o’clock to a late edition of the family breakfast, with nothing to
justify the routing up of the household at five A.M. except a torn habit
and a bruised knee; and we said to each other, as we went
unostentatiously up the back stairs, that cubbing was not worth the
candle by which one had to get up to be in time for it.

We did not know that a few days afterwards we should be hanging out of
the window of the train as, at a painfully early hour, it passed a
covert in the vicinity, straining jaundiced eyes of jealousy at the
distant specks that represented the field and the hounds--specks who
were to remain in the county Cork and go out cubbing, instead of faring
forth, as we were doing, to take our pleasure in foreign lands.

The letter that we found on the dining-room table, when we came
down-stairs on that day that had

[Illustration: MY SECOND COUSIN LOST HER TEMPER.]

been sacrificed to Betty, was responsible for this unexpected change of
circumstances. It said majestically, ‘You are to go to the vineyards of
the Médoc, and must start at once in order to be in time for the
vintage;’ and in spite of a grand and complete ignorance of Médoc, its
vintages, and wines in general, we accepted the position with calm, even
with satisfaction.

The gibes of our friends were many and untiring, and were the harder to
bear that we felt a secret scepticism as to our fitness for this large
and yet delicate mission,--what did we know of Château Lafite or Mouton
Rothschild, except that a glass and a half of the former had once
compelled my second cousin to untimely slumber at dessert?--and when on
a foggy morning we drove away from home, the dank air was heavy with the
prognostications that we should return as bottle-nosed dipsomaniacs, and
the last thing that caught our eye as we turned the final corner of the
avenue was the flutter of a piece of blue ribbon.

We had a singularly detestable journey to London, or perhaps it was that
a summer spent in country remoteness made the train and its loathsome
sister, the steamboat, more intolerable than usual. As far as Dublin we
were comparatively confident, though the trees at the station were
rustling a little in the wind, and the window-frames shook ominously in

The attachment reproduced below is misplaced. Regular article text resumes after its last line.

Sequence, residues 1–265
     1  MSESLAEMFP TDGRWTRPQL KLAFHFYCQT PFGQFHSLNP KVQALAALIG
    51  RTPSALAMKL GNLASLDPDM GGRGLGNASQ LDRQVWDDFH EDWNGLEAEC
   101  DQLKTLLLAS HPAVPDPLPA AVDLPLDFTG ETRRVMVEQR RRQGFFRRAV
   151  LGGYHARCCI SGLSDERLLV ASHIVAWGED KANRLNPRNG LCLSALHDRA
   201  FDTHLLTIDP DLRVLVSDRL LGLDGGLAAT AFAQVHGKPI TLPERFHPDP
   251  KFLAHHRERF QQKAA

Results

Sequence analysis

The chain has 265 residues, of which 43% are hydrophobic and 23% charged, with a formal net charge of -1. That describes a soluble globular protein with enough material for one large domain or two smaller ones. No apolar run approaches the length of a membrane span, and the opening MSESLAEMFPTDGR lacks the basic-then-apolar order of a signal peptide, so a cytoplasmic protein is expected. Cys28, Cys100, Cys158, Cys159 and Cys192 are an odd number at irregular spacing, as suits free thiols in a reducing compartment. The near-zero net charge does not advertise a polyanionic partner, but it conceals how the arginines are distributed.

dismal accompaniment to the lamentations of the emigrants who crowded
the platforms, waiting for the down train to Cork. There are happily few
things in the world that are as bad as they are expected to be, but a
bad crossing is worse than the combined efforts of imagination and
remembrance can make it. This, at least, is the opinion of my second
cousin, who ought by this time to have some knowledge of a subject to
which, according to her own reckoning of the time occupied in each
crossing, she has given some fifty of the best years of her life. The
trees and the window-frames had not overstated the case, and we had the
gloomy satisfaction of hearing the stewardess remark, as we neared
Holyhead, that it had been a rough passage. We could have told her so
ourselves, but still it was gratifying to have the thing placed on an
official basis.

In the pale morning, as we endured that last long hour before Euston is
reached, we read in headachy snatches a pamphlet that we had been lent
about the wines of the Médoc, and our souls sank at the prospect of
expounding the laws of fermentation to readers who would be as
oppressively bored by it as we ourselves. But our first day in London
routed this hobgoblin: we were to enjoy ourselves; we were to taste
claret if we wished, or talk bad French to the makers of it if it amused
us; but to improve other people’s minds by figures and able
disquisitions on viticulture and the treatment of the phylloxera was